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Celebrate Tree Kangaroo Awareness Day with new photos of joey Havam!

Posted by Stephen Reed, Communications
Photos by Jeremy Dwyer-Lindgren/Woodland Park Zoo

Havam, a male joey was born last August to mom Omari and dad Rocket.

We're celebrating our five Matschie’s tree kangaroos, Rocket, Elanna, Omari, Keweng and Havam every day, but especially on Saturday, May 29 for Tree Kangaroo Awareness Day! Tree Kangaroo Awareness Day spotlights endangered tree kangaroos and the important role they play in their ecosystem.

The five tree kangaroos, who currently live in a habitat that is off-view from the public at Woodland Park Zoo, enjoy snacking on yams, arugula, swiss chard, corn and dandelion greens. Elanna is described as “sassy” and “cheeky” by her animal keepers and Keweng, Elanna’s daughter, has inherited some of her mother’s personality. Omari and her son Havam are more laid-back and settled. Rocket, the father of Havam and Keweng, is more hesitant to try new things, but he loves to dig into yams and carrots.

His name is Havam which is the word for “tree kangaroo” in one of the many languages of the YUS Conservation Area in Papua New Guinea, home to wild and endangered Matschie’s tree kangaroos.

Woodland Park Zoo has cared for more than 20 joeys (baby tree kangaroos) born at the zoo since 1987 and has played an important role in husbandry for the tree kangaroo population in accredited zoos. One of the first husbandry manuals for caring for tree kangaroos was written by Woodland Park Zoo staff. Woodland Park Zoo also started the Tree Kangaroo Saving Animals From Extinction program (Tree Kangaroo SAFE) through the Association of Zoos and Aquariums (AZA). Tree Kangaroo SAFE links zoos and aquariums to field efforts that are focused on protecting tree kangaroo populations in the wild. Five SAFE working groups focus on conservation commerce, sustainability in zoo and wild populations, One Health, research, and engagement and awareness. The SAFE team is in the midst of developing a three-year plan to ensure these furry tree dwellers thrive.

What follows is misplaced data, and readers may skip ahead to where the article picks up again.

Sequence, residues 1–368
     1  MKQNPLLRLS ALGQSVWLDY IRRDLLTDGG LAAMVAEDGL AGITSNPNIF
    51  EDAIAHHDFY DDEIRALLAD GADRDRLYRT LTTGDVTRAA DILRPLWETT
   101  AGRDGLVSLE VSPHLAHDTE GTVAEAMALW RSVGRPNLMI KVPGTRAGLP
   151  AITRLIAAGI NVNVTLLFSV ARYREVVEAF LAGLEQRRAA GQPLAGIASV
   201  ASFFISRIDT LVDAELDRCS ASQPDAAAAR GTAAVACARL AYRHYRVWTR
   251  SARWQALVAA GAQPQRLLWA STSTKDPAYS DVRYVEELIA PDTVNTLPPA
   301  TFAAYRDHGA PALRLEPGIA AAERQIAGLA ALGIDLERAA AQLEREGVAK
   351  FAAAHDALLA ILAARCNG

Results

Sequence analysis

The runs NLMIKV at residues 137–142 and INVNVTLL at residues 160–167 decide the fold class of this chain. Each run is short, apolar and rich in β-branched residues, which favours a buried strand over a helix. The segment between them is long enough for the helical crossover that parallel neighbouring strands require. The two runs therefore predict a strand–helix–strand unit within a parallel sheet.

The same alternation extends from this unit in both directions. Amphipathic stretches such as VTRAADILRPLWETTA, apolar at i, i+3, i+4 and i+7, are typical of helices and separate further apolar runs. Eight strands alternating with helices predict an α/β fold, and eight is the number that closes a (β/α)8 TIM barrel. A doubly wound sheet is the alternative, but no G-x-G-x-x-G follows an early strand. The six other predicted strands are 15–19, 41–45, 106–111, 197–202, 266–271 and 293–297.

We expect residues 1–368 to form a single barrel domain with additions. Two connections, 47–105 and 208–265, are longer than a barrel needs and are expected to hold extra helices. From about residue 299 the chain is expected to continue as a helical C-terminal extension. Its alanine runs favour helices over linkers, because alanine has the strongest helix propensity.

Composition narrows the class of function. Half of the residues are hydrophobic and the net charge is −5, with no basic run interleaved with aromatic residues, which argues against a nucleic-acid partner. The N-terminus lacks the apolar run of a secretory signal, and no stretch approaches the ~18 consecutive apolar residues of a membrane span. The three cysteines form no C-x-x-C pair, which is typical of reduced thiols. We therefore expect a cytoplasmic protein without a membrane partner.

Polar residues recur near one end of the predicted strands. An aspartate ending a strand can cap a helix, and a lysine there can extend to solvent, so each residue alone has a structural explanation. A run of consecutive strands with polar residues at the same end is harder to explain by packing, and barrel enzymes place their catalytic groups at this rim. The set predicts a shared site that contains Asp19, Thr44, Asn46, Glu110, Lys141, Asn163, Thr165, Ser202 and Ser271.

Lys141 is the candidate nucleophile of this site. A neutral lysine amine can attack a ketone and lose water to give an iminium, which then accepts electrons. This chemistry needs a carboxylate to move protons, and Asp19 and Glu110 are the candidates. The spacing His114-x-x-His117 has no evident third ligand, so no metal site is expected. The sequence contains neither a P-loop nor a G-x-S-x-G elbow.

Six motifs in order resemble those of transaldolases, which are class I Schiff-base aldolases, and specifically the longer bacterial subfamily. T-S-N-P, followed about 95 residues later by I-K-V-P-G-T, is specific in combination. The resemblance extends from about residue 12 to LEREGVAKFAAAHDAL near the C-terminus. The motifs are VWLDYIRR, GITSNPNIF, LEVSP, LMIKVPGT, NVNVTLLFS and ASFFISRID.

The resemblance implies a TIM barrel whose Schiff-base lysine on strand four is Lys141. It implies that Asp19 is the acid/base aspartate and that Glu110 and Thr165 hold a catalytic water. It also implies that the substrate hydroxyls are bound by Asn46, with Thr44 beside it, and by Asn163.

“Not only are they kangaroos, but kangaroos who live in trees. I find them fascinating because marsupials have a very different biology than other mammals,” said Lead Animal Keeper Beth Carlyle-Askew. “We are doing diet research to feed them the best foods in the best way to mirror the way they eat in the wild. Better husbandry means healthier animals who exhibit natural behaviors. Staff at Woodland Park Zoo literally wrote the book on caring for these fascinating creatures.”

The zoo is also the U.S. base for the Tree Kangaroo Conservation Program (TKCP), which works with communities in Papua New Guinea’s (PNG) YUS Conservation Area, named for the Yopno, Uruwa and Som rivers. As of a year ago, TKCP in PNG is now fully staffed by Papua New Guineans who work with local communities to protect tree kangaroos and develop industries that support livelihoods while conserving natural resources. In partnership with Seattle-based Caffe Vita, TKCP brings coffee beans grown in the YUS Conservation Area to market in the United States. Every bag of coffee sold helps support efforts in Papua New Guinea to protect tree kangaroos and their habitat.

“I came to Woodland Park Zoo in 1987 as a graduate student at the University of Washington in animal behavior searching for an appropriate species to study,” said TKCP Founder and Senior Conservation Scientist for Woodland Park Zoo Lisa Dabek, PhD. “Two female tree kangaroos had joeys in their pouch and the Lead Animal Keeper at the time said no one knew anything about tree kangaroo mother-young behavior or joey development. I fell in love with them quickly because they are so cute and different. They are true kangaroos but adapted for life in the rain forest. They are also endangered so I felt we had to conserve them. I flew to Papua New Guinea (PNG) to find out how I could help them in the wild. I partnered with local communities to launch the Tree Kangaroo Conservation Program which has now worked with the government of PNG to create the first and only protected area of its type in the country.”

Wholly owned by local people and with support of the PNG government for long-term protection, the YUS landscape consists of 390,000 acres of land pledged for conservation as well as areas for mixed-use in a landscape approach to a protected area. TKCP has partnered with local communities for a five-year, multi-partner USAID Biodiversity program grant funded via Cardno International Development leveraging the experiences and lessons learned in establishing and managing the country’s first Conservation Area.

You can help tree kangaroos in the wild and at Woodland Park Zoo by visiting the zoo, purchasing Caffe Vita Papua New Guinea coffee or visiting